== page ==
This couch potato isn’t kosher.
A 90-year-old rabbi’s life has been turned upside down by a brazen squatter who moved into his living room two years ago — and shows no signs of making her exodus any time soon.
Accused agi-tater Roselee Moskowitz, 67, allegedly took advantage of the kindness of Rabbi Meyer Leifer and his family, who gave her a place to stay in his two-bedroom West 28th Street apartment when she had nowhere to go at the dawn of the pandemic, according to his daughter Daniella and court records.
But the mensch’s mitzvah was repaid with unimaginable chutzpah.
Moskowitz pays bupkes in rent and spends day after day planted on the rabbi’s brown suede sofa, vegetating, according to Daniella and Manhattan Housing Court papers seeking her ouster.
“She’s just weird. … She just sits there and reads or sits there quietly staring off into space. I don’t really understand what’s going on,” Daniella said.
Mosokowitz — who inexplicably got a letter of support from Manhattan Borough President Mark Levine’s office as she fights to stay in Leifer’s home — has commandeered the rabbi’s television; leaves the windows in the tiny apartment open, even when it’s cold — and once barricaded herself in the bathroom and called the cops during an argument with one of Leifer’s kids, Daniella said.
“Her being there is so insulting. For months he was just angry about it and helpless. It just riles him up emotionally,” Daniella said of her father, who struggles with dementia. “Let an old man who can barely walk — let him go watch the news and the TV in his living room.
“He might not outlive this,” she said.
A disheveled and masked Moskowitz called 911 when The Post visited the apartment last week.
Daniella Leifer met Moskowitz in February 2020 through an acquaintance who was trying to help her find a place to stay.
With the pandemic raging, the family had moved Meyer Leifer out of town with relatives for a few months, and let Moskowitz camp out in his two-bedroom co-op in his absence, the rabbi’s daughter explained.
By June, Meyer was back and Daniella paid for Moskowitz to rent a room elsewhere — but it didn’t last. Moskowitz showed up on the rabbi’s doorstep again in February 2021, needing a place to stay.
“My dad didn’t know who she was. He’s a little bit forgetful,” said Daniella Leifer of the father of five, grandfather of seven.
The rabbi fell in his bedroom in October 2021 and was sprawled alone on the floor for hours with a head injury while Moskowitz sat in the apartment, the family contends. The injured Leifer was discovered by a visiting friend. He now has a full-time, live-in aide.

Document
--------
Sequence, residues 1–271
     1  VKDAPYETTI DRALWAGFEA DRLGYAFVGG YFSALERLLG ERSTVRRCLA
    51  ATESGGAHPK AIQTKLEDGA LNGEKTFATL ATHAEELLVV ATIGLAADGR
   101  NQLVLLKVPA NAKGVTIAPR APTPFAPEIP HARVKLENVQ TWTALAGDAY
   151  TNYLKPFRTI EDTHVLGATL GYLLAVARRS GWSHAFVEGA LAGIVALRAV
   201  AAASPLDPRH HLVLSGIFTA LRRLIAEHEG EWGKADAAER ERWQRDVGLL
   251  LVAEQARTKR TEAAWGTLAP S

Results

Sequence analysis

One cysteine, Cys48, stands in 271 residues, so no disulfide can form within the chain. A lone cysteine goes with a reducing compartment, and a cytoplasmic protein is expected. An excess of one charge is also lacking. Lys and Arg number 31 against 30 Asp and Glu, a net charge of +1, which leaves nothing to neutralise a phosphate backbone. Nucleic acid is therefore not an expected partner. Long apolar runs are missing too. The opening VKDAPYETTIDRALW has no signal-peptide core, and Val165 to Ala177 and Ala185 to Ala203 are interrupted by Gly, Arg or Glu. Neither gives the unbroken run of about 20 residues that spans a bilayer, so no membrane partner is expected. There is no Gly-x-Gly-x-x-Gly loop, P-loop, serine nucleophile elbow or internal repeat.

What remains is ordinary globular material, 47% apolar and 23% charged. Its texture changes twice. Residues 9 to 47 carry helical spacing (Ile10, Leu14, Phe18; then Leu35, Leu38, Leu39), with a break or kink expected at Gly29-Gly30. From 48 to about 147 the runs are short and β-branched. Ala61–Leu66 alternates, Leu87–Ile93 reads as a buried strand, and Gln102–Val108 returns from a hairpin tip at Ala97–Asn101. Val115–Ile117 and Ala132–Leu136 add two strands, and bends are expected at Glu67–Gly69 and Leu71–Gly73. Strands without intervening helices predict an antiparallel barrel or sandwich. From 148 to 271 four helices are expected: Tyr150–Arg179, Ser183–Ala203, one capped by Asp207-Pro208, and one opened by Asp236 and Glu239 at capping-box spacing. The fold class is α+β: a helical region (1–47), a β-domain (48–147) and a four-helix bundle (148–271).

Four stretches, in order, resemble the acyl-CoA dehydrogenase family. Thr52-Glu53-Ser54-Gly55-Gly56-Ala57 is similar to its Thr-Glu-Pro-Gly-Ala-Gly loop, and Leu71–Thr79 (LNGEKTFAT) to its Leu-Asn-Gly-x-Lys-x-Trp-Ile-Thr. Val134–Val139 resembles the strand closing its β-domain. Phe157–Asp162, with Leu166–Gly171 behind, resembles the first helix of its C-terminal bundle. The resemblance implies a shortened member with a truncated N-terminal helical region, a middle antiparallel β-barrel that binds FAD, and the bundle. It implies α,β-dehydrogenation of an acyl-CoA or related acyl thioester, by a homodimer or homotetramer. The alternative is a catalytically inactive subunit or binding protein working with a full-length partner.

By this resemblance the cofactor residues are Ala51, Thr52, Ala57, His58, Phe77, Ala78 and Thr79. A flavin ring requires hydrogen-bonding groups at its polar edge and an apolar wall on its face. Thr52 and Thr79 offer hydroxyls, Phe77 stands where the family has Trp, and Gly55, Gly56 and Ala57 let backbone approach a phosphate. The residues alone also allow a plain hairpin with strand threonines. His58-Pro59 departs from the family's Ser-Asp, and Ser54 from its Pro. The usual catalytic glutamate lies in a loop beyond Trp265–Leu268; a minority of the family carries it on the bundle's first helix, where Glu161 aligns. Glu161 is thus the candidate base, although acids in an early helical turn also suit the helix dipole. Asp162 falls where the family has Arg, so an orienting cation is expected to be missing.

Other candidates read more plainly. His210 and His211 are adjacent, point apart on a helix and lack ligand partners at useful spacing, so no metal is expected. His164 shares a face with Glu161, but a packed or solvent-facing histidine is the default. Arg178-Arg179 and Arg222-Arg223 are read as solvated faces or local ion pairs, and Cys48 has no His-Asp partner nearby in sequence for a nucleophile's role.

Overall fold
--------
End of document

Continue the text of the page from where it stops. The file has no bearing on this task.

The family was forced to go to court in an effort to get Moskowitz out because she stayed for more than 30 days — the magical number in New York law which gives someone “squatters rights.”
Rabbi Leifer, who spent 42 years as head of the Congregation Emunath Israel, or The Chelsea Shul, sued in May to evict Moskowitz. She sought emergency rental assistance from the state in a bid to stave off the court action, Leifer contends in the litigation.
Such help was meant to boost tenants struggling to stay afloat during the economic shutdowns sparked by the COVID-19 pandemic. But in some cases, squatters have taken advantage of the pandemic-inspired legal changes, including then-Gov. Cuomo’s eviction moratorium and financial hardship declarations — which paused a case but didn’t require tenants to submit proof of their monetary woes.
The eviction attempt should be paused because she’s a senior citizen, and hadn’t been able to obtain a lawyer, Moskowitz asserted in her legal response. The court denied Moskowitz’ bid for rental help, because she was never a rent-paying tenant.
It’s unclear why or how Levine’s office got involved in the legal case. The Sept. 1 letter to the Housing Court gushes support for the accused squatter — while never mentioning the ill, elder rabbi whose home she’s taken over.
“The legal and court structures have facilitated this. How is this allowed to go on?” said the rabbi’s daughter. “Why is it a thing that after 30 days an unpaying guest that you’re trying to be nice to can just screw you over and drag you through the courts? It shouldn’t be.”
Additional reporting by Brian Zak